Five contract negotiation strategies healthcare professionals should know
Share

As appearing in Healthcare Purchasing News

Skilled negotiators are like musical virtuosos. They have an extensive repertoire of instruments from which to draw upon, and they know when and how to make them a part of their performance. But negotiating healthcare contracts for capital, purchased services and IT services can test the artistry of even the most masterful negotiator.

As a seasoned contract negotiator, there are five tactics I recommend finance and operations departments learn to gain the confidence and skill needed to tilt every contract negotiation in their favor.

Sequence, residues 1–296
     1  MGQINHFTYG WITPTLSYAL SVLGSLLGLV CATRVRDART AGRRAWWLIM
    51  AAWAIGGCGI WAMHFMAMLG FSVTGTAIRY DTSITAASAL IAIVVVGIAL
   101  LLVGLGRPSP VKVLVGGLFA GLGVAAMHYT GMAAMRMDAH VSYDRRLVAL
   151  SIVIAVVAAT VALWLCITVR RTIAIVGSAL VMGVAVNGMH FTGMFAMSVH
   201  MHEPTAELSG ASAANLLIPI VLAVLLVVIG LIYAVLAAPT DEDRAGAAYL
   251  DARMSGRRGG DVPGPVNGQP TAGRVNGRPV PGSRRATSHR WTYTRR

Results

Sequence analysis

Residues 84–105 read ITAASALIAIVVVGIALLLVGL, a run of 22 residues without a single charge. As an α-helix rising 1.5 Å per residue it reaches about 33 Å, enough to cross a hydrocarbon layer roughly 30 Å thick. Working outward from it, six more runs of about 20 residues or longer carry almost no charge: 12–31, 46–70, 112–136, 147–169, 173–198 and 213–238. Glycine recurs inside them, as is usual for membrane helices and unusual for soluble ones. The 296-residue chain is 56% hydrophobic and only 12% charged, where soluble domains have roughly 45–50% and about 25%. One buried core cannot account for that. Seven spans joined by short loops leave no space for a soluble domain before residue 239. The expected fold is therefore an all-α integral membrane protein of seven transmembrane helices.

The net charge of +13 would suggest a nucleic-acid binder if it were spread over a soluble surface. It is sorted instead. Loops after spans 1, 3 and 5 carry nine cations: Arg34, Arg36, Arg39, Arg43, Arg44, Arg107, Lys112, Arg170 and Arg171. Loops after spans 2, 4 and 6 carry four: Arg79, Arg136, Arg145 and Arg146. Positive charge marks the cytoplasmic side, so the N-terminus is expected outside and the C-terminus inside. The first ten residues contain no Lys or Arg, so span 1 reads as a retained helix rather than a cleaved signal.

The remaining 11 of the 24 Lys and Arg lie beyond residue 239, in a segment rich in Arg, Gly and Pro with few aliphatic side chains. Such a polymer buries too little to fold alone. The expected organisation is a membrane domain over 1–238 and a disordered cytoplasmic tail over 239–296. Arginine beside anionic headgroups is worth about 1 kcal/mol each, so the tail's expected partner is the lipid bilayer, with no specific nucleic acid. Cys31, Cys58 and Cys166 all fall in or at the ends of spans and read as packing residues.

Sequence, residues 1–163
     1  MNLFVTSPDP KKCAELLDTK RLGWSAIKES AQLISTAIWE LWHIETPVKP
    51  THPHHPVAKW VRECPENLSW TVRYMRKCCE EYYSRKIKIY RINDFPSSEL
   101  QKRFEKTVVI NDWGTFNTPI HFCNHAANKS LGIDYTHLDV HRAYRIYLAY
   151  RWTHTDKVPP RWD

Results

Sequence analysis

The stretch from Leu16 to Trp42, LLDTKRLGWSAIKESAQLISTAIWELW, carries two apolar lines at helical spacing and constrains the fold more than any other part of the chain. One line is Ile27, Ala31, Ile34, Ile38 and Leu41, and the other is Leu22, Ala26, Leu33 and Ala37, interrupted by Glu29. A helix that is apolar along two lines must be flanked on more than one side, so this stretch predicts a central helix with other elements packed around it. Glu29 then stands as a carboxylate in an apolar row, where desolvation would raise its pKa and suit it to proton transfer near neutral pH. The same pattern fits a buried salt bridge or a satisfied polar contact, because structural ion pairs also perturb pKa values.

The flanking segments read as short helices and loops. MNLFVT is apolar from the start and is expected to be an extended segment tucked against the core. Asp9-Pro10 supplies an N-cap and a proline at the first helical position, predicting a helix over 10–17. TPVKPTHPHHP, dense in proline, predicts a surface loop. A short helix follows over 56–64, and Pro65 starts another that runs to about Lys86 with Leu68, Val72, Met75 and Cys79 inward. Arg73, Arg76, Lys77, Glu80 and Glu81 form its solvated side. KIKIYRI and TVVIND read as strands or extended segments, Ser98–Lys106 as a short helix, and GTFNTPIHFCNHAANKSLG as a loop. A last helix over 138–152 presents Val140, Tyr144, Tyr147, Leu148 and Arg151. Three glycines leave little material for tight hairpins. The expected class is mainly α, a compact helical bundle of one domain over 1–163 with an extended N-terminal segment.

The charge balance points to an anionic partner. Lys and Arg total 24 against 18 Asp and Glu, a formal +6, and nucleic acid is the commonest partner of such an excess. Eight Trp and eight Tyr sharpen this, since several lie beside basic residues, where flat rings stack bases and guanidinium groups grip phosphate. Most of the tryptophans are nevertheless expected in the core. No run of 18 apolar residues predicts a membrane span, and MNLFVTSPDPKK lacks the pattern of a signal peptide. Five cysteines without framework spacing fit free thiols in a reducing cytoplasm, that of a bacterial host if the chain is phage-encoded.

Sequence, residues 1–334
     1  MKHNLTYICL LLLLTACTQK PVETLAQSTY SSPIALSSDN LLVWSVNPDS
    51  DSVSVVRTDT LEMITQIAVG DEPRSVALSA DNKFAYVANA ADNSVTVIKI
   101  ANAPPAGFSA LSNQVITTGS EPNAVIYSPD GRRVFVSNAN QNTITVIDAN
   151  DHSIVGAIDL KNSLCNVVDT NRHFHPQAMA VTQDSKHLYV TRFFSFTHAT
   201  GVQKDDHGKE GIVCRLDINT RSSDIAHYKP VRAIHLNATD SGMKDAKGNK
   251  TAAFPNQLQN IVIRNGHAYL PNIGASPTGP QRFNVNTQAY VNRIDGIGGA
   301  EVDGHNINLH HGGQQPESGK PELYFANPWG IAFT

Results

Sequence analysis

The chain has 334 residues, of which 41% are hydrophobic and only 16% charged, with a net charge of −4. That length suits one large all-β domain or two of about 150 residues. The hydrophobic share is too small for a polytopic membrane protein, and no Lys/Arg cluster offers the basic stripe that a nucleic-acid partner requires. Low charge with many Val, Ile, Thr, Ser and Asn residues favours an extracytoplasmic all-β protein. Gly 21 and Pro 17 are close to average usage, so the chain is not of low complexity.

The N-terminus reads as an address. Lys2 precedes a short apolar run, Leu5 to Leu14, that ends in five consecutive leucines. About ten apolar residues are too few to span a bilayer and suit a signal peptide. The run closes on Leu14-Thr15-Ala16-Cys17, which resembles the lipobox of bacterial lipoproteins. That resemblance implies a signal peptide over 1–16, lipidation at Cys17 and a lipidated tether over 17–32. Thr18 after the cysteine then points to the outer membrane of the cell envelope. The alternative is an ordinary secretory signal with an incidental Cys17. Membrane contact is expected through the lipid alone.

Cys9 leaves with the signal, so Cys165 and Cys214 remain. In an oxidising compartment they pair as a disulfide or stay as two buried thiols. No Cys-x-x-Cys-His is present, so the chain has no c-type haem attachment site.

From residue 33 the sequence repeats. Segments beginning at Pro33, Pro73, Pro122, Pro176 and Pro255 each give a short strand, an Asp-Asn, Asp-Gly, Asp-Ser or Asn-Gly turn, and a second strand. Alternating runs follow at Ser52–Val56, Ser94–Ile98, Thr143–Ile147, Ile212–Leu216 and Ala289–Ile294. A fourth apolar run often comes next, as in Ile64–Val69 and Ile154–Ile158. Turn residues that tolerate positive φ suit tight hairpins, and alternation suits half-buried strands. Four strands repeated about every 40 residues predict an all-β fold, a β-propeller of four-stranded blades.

1. Don’t be afraid to ask. Expressing your expectations can be a surprisingly powerful negotiating tactic — especially when used as an opening move.  When I started negotiating purchased services and IT contracts, I found that most people never asked for discounts. The reasons for this are complex, but often the issue came down to one of trust, or lack thereof.

Providers either put too much faith in the vendor’s willingness to offer a fair price, or their own lack of conclusive benchmarks left them feeling less than confident about securing a better deal. In other words, “it costs what it costs.” It’s no wonder that in the world of healthcare contracting, purchased services and IT solutions are often viewed as some combination of immovable object and unstoppable force. If you never ask the question, the answer is always “no.” Rather, focus on the opposite assumption— there is always money on the table.